My emotional hairline fracture

There is a few things in life that one cannot recover from. A broken heart is one of these things. I think the initial crack, is what hurts the most. It’s like a hairline fracture, it seems so tiny and innocent and yet it causes you excruciating pain. Of course, time heals all wounds (or so they say), but even if you had all the time in the world, you will never be the same as pre-broken-hearted.

The day I knew what a broken heart felt like was unlike any other day. It was a sunny summer morning in August of 2009 somewhere in Austria and after having struggled for several days with jetlag and reverse culture shock, I slowly realized that somehow I had to make it through the next few hours, days and weeks without A physically by my side. And I felt utterly crushed.

A snapshot of one of the videos I had made for A a few days after my Austria return.

A snapshot of one of the videos I had made for A a few days after my Austria return.

I was lost in the sea of faces that I had missed so much while I was exploring the world. I think my mom knew the second she saw me dragging my luggage through the exit-doors at the airport. She gave me a very funny look, but she didn’t say a thing and to be honest, there wouldn’t have been anything in the world she could have said to make me feel any better. I don’t think my mind could fully comprehend what my heart was feeling.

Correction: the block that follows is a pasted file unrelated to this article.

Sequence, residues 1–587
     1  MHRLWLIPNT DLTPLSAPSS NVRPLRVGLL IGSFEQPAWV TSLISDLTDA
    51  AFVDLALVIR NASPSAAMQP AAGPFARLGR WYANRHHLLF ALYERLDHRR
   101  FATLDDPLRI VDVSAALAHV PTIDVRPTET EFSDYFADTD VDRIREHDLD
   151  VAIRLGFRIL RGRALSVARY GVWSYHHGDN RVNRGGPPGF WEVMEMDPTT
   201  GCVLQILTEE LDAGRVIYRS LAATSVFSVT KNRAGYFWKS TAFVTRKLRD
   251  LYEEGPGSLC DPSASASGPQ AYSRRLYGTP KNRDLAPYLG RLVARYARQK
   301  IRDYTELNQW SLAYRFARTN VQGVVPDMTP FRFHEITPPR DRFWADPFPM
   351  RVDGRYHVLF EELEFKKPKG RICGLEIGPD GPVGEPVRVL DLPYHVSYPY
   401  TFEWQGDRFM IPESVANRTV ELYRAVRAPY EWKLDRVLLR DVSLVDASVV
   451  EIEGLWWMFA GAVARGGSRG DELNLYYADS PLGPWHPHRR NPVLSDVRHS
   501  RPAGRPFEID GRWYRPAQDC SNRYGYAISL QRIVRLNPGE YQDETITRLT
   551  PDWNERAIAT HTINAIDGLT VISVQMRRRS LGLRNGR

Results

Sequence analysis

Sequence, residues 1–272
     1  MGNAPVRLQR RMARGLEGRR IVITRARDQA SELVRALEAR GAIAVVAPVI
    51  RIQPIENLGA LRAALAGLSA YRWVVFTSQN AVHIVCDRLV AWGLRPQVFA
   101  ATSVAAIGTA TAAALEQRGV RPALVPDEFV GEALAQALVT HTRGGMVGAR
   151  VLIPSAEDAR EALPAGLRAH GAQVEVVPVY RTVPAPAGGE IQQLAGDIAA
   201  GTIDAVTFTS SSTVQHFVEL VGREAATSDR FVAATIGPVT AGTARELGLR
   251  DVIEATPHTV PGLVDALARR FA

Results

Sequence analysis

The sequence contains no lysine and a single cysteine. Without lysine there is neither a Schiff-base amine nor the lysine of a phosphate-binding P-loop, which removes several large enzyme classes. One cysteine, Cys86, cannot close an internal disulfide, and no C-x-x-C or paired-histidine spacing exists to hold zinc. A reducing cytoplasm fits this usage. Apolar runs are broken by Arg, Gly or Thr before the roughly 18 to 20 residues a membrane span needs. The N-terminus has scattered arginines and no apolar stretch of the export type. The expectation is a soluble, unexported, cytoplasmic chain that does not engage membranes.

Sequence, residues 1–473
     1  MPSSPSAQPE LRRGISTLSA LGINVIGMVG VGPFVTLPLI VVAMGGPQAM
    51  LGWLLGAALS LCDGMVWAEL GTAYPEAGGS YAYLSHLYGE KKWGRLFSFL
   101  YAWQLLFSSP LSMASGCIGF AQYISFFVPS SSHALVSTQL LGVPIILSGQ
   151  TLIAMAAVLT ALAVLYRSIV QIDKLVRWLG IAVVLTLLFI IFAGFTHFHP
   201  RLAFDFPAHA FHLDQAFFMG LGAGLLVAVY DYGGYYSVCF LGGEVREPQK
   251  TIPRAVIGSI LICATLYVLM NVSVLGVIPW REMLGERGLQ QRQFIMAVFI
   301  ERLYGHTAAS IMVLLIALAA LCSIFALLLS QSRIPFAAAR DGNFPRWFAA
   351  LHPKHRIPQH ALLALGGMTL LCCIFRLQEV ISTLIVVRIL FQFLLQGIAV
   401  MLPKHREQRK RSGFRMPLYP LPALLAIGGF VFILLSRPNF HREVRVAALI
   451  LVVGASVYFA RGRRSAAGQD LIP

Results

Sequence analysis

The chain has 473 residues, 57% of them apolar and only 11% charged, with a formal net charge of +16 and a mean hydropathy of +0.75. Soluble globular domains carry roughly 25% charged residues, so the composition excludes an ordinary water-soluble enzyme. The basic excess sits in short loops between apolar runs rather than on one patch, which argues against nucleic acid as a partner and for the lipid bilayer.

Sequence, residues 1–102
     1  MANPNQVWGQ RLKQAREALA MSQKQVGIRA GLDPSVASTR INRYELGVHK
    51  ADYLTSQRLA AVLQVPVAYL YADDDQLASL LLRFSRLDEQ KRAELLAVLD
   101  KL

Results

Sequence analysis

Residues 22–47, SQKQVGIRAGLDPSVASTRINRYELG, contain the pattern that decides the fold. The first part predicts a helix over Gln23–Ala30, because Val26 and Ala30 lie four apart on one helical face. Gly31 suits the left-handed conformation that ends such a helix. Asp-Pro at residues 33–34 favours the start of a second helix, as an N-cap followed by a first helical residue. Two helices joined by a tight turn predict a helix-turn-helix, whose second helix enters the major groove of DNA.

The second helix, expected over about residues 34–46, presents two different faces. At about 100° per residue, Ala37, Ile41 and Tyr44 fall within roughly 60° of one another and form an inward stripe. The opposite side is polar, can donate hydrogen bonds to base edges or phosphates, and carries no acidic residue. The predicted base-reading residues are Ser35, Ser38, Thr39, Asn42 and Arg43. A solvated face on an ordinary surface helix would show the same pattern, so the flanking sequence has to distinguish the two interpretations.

Just picture this, there I was, halfway across the world, having created my personal wonderful bubble-life with A, living happy days and then this awful thing, called reality, set in. It was like reading your favorite book and someone ripped out the part with the happy ending. That’s when I had to learn how to function halfheartedly. I was never going to be the same person as before.

Being somewhat responsible human beings, A and I decided to try a long-distance relationship (spoiler alert: we got married a couple years ago), but deciding to do something and then actually following through are two separate pairs of shoes. We struggled greatly and although we got to see each other every few months, the hairline fracture remained and it would crack a little more every time we had to say goodbye.

I don’t think I ever recovered from two years of long distance and having to go through so many painful goodbyes. Knowing that A was so far away and that I couldn’t just pick up everything and leave destroyed me. Quite frankly, this whole thing of “absence makes the heart grow fonder” might work for people dieting or going on vacation but for a serious relationship it felt like someone was trying to suffocate me ever so slowly.

When we finally moved to Norway together a bit over five years ago, there was a whole new set of challenges awaiting us. We actually had the chance to not just talk the talk but walk the walk and we walked (or fall ever so graciously) over the icy grounds of Oslo and grew stronger as individuals and a couple.

But every now and then, I am reminded of the hairline fracture and the pain it caused me for so many years. The funny thing about broken hearts is that it impacts people differently. Some people become closed off, scared to open up and what have you. Me on the other hand, I became the kind of person, that doesn’t hold back emotions. I will tell you a million times a day that I love you, I will remind you of how wonderful you are to me, even when you don’t feel wonderful at all and I will be by your side, even if I know that you don’t actually need me. That’s what my hairline fracture did to me: making me thankful for every single second I have with the ones I love.

With this, I wish you all a very happy Thanksgiving, enjoy the holidays and be kind to one another.

A and I on our honeymoon in China.

A and I on our honeymoon in China.

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